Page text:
The turmoil sweeping through global markets has raised a new challenge to the Federal Reserve's plan to begin raising US interest rates.
Widely expected just weeks ago to undertake the first rate hike in nine years in September, the Fed now must weigh the risk of pouring more oil on the flames in tumbling equity and commodities markets.
After major stock markets sank sharply again Monday, most analysts said they now expect the US central bank to postpone yet again an increase of the benchmark federal funds rate, which has sat at zero since the 2008 crisis.
"With the plunge in global markets, I think it's unlikely that the Fed will raise rates in September -- perhaps about a 20 percent chance," said Stephen Oliner, an economist with the Washington think-tank American Enterprise Institute.
Oliner, a former 25-year veteran of the Fed, only last week put the chances of a September increase as even.
Fed Chair Janet Yellen's resolve to move ahead with the "normalization" of US monetary policy, after six years in crisis stance, was already being questioned after recent US data showed still-weak inflation and few fresh signs of tightening in the labor markets -- both key triggers for the Fed's rate decisions.
The minutes to the July 28-29 meeting of the policy-setting Federal Open Market Committee, released last week, showed both a caution over still-low inflation and a concern over China's economic malaise.
Several participants in the meeting "noted that a material slowdown in Chinese economic activity could pose risks to the US economic outlook."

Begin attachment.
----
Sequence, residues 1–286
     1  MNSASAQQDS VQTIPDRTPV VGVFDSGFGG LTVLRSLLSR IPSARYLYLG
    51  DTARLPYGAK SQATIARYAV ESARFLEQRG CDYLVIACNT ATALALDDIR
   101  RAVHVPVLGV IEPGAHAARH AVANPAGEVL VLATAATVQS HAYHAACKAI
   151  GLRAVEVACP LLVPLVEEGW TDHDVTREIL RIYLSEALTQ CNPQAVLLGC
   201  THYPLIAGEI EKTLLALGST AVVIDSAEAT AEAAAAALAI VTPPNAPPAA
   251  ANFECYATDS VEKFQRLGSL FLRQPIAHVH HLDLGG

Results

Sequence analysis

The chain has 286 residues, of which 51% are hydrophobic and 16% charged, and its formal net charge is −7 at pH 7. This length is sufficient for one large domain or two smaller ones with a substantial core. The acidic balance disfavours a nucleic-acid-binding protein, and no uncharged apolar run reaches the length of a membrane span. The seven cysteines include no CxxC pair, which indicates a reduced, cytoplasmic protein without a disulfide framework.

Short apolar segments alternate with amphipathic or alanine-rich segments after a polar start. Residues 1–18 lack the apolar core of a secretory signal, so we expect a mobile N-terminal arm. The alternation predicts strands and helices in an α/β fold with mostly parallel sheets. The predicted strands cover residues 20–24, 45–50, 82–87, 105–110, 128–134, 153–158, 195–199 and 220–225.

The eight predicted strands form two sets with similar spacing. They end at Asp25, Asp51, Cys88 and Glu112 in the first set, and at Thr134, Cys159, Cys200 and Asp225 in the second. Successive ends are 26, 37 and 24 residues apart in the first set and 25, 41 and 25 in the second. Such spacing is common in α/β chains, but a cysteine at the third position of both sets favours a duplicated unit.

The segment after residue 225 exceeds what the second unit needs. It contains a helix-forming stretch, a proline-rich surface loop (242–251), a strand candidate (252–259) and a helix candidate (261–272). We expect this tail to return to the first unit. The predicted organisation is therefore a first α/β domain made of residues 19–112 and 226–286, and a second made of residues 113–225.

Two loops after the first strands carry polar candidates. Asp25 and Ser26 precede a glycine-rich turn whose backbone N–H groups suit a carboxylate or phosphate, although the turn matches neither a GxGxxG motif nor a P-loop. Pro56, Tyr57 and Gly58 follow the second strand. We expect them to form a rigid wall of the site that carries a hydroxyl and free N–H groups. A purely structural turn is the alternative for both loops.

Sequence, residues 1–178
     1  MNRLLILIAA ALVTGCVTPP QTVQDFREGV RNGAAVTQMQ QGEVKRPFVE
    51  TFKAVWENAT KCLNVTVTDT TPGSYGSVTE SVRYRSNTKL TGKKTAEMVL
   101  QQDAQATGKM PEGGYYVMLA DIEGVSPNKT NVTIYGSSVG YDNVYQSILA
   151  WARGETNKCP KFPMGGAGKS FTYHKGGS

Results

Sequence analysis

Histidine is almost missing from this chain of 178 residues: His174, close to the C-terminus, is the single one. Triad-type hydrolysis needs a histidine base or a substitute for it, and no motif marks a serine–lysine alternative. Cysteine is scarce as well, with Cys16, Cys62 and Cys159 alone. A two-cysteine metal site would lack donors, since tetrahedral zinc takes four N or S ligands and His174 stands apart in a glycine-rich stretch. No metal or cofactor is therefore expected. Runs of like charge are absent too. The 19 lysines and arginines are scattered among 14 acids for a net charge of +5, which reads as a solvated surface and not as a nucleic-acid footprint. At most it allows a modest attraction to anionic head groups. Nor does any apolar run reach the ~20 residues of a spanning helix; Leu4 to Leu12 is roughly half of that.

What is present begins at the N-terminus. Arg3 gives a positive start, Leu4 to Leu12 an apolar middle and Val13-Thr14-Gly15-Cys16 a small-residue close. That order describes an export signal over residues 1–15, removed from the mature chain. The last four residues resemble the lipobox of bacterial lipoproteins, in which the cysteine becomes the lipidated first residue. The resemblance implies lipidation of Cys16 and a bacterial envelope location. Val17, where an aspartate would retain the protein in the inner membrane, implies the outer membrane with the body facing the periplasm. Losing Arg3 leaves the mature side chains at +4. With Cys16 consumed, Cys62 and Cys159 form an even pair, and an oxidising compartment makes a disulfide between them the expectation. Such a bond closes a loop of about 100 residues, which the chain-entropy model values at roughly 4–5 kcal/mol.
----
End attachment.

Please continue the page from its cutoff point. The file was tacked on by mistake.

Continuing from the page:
Since that meeting, China's surprise devaluation of the yuan two weeks ago has sparked further turbulence in the global economy, spurring competitive devaluations and capital outflows in other emerging economies.
The devaluation only served to underscore another worry Fed policymakers voiced in the July meeting: that raising the fed funds rate would exacerbate the strength of the US dollar, "extending the downward pressure on commodity prices and the weakness in net exports."
- Summers: hike now dangerous -
Yet the Fed's reasons for moving earlier rather than later are also strong. The zero-rate policy and its now-ended quantitative easing programs have injected trillions of dollars in cheap money into the global economy, they very thing that has helped fuel market bubbles like China's.
The Fed wants interest rates to better reflect the moderate pace of growth of the US economy. Instead, rates, especially short-term rates, look like those of an economy stalling.
In the past week, the yield on the five-year Treasury has tumbled from 1.6 percent to 1.29 percent early Monday, and the one-year note from 0.43 percent to 0.30 percent.
A rate rise, some argue, would be a strong first step to a more appropriate monetary stance, helping to avoid problems down the road.
Even so, former US Treasury secretary Lawrence Summers said Monday in an opinion piece in the Financial Times that raising rates now would be a "serious error" that would threaten the Fed's major objectives -- price stability, full employment and financial stability.
Markets have already gone into a period of self-correction, Summers argued, so the Fed does not need to act on that.
"At this moment of fragility, raising rates risks tipping some part of the financial system into crisis, with unpredictable and dangerous results."
Markets, though, will not have to wait until the September 16-17 policy meeting for the central bank's views on monetary policy. The Fed holds its annual symposium in Jackson Hole, Wyoming, on Thursday and Friday. Yellen will be absent, but Vice Chair Stanley Fischer, a close Yellen ally who is not shy about making his views known, will preside over the meeting.